COVID-19 Pandemic Derails IVF Plans for Women, Leaving Family Plans in Limbo

This week is National Infertility Awareness Week, and many women who’ve chosen in vitro fertilization have had their lives and their families' futures left in limbo while they wait

NBC Universal, Inc.

The coronavirus has put so many life events on hold and for many, that includes starting a family. This week is National Infertility Awareness Week, and many women who’ve chosen in vitro fertilization have had their plans derailed by the pandemic — their lives and their families' futures left in limbo.

Jennifer Fuentes and her husband Chris have been trying to have a baby for three years. Three rounds of IVF have sadly ended with three miscarriages, but in March, Jennifer started medication for her fourth round of IVF. That's when the coronavirus hit and her doctor called.

"I would never wish it on anyone. It’s the hardest thing we’ve ever gone through," Fuentes said. "They just called and said, until further notice, we just have to put everything on hold ... This is not the perfect time to do this, and I understand that. But to be mentally prepared for this, is just super frustrating.”

A similar frustration for Julie Capozzi, a 37-year-old who lives in one of the hardest hit areas in the entire country: Queens.

She and her husband Anthony had their “miracle baby” through IVF two years ago, and are now trying for a second child. Capozzi has an embryo that’s ready to transfer, but she’s concerned about any unknown effects of the virus.

“Personally, it's hard. It’s hard. I try to fight back the tears but there’s just times where you have to let it out," Capozzi said. "You already having those emotions then add on top of it this virus that’s taking over the world.”

In March, The American Society of Reproductive Medicine put out guidelines that include: Suspending new treatment cycles, including egg retrievals; considering cancelling embryo transfers; and continuing care for patients who are in-cycle.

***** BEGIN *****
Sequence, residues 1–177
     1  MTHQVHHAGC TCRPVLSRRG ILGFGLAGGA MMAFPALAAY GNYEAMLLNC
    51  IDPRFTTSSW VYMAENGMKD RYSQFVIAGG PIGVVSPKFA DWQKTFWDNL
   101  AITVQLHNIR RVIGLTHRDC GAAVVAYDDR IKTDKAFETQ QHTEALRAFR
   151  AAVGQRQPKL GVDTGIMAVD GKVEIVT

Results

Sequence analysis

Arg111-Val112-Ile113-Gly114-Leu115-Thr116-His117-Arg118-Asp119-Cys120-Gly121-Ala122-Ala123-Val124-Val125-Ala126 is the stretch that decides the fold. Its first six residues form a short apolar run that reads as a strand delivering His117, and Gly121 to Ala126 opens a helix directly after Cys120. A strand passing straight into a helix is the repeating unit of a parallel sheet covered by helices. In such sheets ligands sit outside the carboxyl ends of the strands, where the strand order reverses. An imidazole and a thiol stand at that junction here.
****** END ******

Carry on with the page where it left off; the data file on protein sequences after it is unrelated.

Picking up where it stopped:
Dr. Zaher Merhi of New Hope Fertility in Manhattan says the biggest concern for his patients is egg retrievals.

"It can be tricky because we don’t know when this pandemic is going to end," Merhi said. "(Patients) are very worried about waiting because they don’t want to lose the eggs that they have ... If you wait 6 months, the woman might miss her chances of getting pregnant using her own eggs."

Dr. Merhi says he has stopped about 70 percent of his operations, but his clinic is still open. He’s treating each patient case-by-case — many via tele-health services — while also offering an at-home IVF kit.

"Which basically you come to the office only on your day of your egg retrieval, so you don’t have to come multiple times to do monitoring for blood and ultrasound."

In the meantime, the waiting game continues for the two women. Capozzi is hopeful about an embryo transfer — when the time is right.

"It’s going to be another little miracle, because you only need one," Capozzi said. "So we’re trying to stay hopeful.”

While Fuentes is focused on the stay at home order, hoping others do the same.

"It’s really frustrating to some of us because the longer we have to stay inside, the longer we have to wait to start back up with our doctor and this is something that people have been dreaming about their whole life."

For the latest information on the guidelines regarding pregnancy and in vitro fertilization from the American Society for Reproductive Medicine, visit their website.

Contact Us